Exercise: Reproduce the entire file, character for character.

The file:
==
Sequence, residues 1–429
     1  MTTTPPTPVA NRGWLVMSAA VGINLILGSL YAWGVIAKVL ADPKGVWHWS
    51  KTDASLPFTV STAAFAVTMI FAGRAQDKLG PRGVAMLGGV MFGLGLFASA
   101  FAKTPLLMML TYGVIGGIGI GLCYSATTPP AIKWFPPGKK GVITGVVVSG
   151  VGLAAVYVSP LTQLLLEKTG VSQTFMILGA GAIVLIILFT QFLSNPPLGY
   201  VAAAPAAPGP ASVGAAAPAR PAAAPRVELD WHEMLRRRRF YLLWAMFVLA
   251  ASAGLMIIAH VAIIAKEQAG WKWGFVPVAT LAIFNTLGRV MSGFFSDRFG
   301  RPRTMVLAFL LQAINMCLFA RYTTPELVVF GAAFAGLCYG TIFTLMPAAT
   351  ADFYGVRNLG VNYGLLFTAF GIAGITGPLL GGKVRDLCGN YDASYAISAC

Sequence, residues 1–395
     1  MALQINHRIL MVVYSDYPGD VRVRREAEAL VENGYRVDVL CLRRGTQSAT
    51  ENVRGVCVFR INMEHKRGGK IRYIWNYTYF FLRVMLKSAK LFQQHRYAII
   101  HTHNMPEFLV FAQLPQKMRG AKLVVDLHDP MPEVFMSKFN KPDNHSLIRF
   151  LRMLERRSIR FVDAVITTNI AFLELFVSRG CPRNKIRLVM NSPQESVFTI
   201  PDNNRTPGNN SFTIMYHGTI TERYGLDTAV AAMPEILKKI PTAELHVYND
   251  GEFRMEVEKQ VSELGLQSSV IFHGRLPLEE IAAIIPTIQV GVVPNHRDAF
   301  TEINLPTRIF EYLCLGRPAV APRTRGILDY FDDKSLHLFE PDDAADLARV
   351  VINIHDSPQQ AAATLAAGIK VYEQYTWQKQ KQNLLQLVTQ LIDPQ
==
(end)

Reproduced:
Sequence, residues 1–429
     1  MTTTPPTPVA NRGWLVMSAA VGINLILGSL YAWGVIAKVL ADPKGVWHWS
    51  KTDASLPFTV STAAFAVTMI FAGRAQDKLG PRGVAMLGGV MFGLGLFASA
   101  FAKTPLLMML TYGVIGGIGI GLCYSATTPP AIKWFPPGKK GVITGVVVSG
   151  VGLAAVYVSP LTQLLLEKTG VSQTFMILGA GAIVLIILFT QFLSNPPLGY
   201  VAAAPAAPGP ASVGAAAPAR PAAAPRVELD WHEMLRRRRF YLLWAMFVLA
   251  ASAGLMIIAH VAIIAKEQAG WKWGFVPVAT LAIFNTLGRV MSGFFSDRFG
   301  RPRTMVLAFL LQAINMCLFA RYTTPELVVF GAAFAGLCYG TIFTLMPAAT
   351  ADFYGVRNLG VNYGLLFTAF GIAGITGPLL GGKVRDLCGN YDASYAISAC

Sequence, residues 1–395
     1  MALQINHRIL MVVYSDYPGD VRVRREAEAL VENGYRVDVL CLRRGTQSAT
    51  ENVRGVCVFR INMEHKRGGK IRYIWNYTYF FLRVMLKSAK LFQQHRYAII
   101  HTHNMPEFLV FAQLPQKMRG AKLVVDLHDP MPEVFMSKFN KPDNHSLIRF
   151  LRMLERRSIR FVDAVITTNI AFLELFVSRG CPRNKIRLVM NSPQESVFTI
   201  PDNNRTPGNN SFTIMYHGTI TERYGLDTAV AAMPEILKKI PTAELHVYND
   251  GEFRMEVEKQ VSELGLQSSV IFHGRLPLEE IAAIIPTIQV GVVPNHRDAF
   301  TEINLPTRIF EYLCLGRPAV APRTRGILDY FDDKSLHLFE PDDAADLARV
   351  VINIHDSPQQ AAATLAAGIK VYEQYTWQKQ KQNLLQLVTQ LIDPQ